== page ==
Virginia is a great state for election data. The state board of elections publishes live precinct-by-precinct returns, including counts of absentee and election-day ballots. This offers even more statistical power to our comparisons of 2012 and 2016 electoral performance. I will be watching for an average statewide swing of about seven points from Clinton to Biden, which will affirm the prediction from the polls. Anything greater than a two or three point swing will also indicate a robust Biden victory nationally, though probably indicate a long night of counting.

By 7:30 we should also be getting initial tabulations, separately, of early/absentee votes and election-day votes in Florida. Florida is perhaps the best state for handicapping presidential elections as each county reports the total number of votes cast throughout Election Day, as well as the breakdown in vote method. This allows us to calculate the statewide percentages of ballots remaining that Trump will need to win the state, which we can match up against 2016 results to gauge how likely it is that he could win the necessary returns.

Here’s the number to watch: if Biden is doing about one and a half points on average better than Clinton did in fully-reporting precincts, he’s on path for a bare victory there. And since Florida is the key to Trump’s electoral strategy, any Biden victory there would crush his chances at re-election. The various election models I have built or played with stipulate that Trump’s overall odds of winning the election fall to 0.1% without it, as he’s also almost certainly losing the bluer northern battlegrounds in that scenario.

By 8:00 PM, we should know what type of night we’re in for. An early one, or a long count. But there are some states that can still provide a relatively early read on the race.

Polls will begin to close quickly across the battleground states. PA, MI, OH, NC, TX will all close at 8:00, with returns coming in in rural areas around half an hour later. We will repeat the same exercise as in Kentucky and Indiana, averaging the county-level swing toward Biden as final returns are announced.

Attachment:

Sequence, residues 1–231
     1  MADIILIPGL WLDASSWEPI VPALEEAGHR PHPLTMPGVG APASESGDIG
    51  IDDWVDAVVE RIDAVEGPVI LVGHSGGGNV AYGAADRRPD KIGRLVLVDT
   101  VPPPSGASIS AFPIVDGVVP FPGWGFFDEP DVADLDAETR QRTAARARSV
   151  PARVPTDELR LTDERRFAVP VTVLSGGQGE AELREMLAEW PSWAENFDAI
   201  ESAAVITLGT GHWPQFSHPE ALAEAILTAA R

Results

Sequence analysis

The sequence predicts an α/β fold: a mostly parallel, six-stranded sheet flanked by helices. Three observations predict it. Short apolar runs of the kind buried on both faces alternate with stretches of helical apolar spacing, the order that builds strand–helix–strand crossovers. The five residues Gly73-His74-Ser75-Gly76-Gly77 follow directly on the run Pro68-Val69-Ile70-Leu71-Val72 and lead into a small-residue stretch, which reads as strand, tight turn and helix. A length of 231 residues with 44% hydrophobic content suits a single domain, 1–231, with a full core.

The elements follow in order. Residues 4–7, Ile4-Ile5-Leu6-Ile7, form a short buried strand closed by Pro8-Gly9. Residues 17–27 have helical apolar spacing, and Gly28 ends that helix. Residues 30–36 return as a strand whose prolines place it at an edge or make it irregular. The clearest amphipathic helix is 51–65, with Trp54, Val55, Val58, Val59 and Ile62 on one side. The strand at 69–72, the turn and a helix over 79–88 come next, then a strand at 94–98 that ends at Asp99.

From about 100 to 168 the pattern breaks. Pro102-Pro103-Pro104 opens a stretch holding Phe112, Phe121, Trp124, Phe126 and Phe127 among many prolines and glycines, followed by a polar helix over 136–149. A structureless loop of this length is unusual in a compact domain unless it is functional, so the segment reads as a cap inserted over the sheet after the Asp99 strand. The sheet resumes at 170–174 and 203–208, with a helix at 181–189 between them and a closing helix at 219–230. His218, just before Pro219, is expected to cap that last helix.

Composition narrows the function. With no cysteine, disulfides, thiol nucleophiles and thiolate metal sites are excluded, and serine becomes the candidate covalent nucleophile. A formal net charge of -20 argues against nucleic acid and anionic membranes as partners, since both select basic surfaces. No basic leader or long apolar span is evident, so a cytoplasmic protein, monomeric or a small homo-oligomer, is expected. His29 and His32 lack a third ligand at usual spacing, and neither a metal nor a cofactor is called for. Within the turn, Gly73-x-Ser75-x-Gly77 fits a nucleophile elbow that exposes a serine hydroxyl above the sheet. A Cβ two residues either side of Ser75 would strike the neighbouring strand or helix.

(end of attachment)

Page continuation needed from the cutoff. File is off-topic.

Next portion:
At 9:00, polls in Wisconsin and Arizona will close. The former will not report many votes on election night, as roughly half will be cast via mail and unable to be counted until election day, which could take a while. Arizona, on the other hand, has been able to tabulate and verify early and absentee votes for weeks, which increases the speed of counting results. Returns will come fast at first in the rural areas, then slow as a mass of election-day ballots are counted in Maricopa County, home to Phoenix. If Biden can hold Trump to a few points on margin there, he will very likely win the state, and with it the election.

By 10:00 PM, we should turn again to Florida, where roughly 90% of ballots will have been counted (at least, that’s what has happened in the past). If I have not been able to call the election by then, the network decision desks will start revealing whether we’re in for a few days of counting absentee ballots in tight Midwestern states. But if Biden is headed for a easy victory, Florida will be called by roughly 9:30 or 10. Anything later will suggest a long night.

Unless the election is as close as it was in 2016 — which could happen, but probably won’t — we should know the probable winner of the election well before midnight. Maybe even around 8 or 9 PM.

That’s it. Cheers all. And good luck.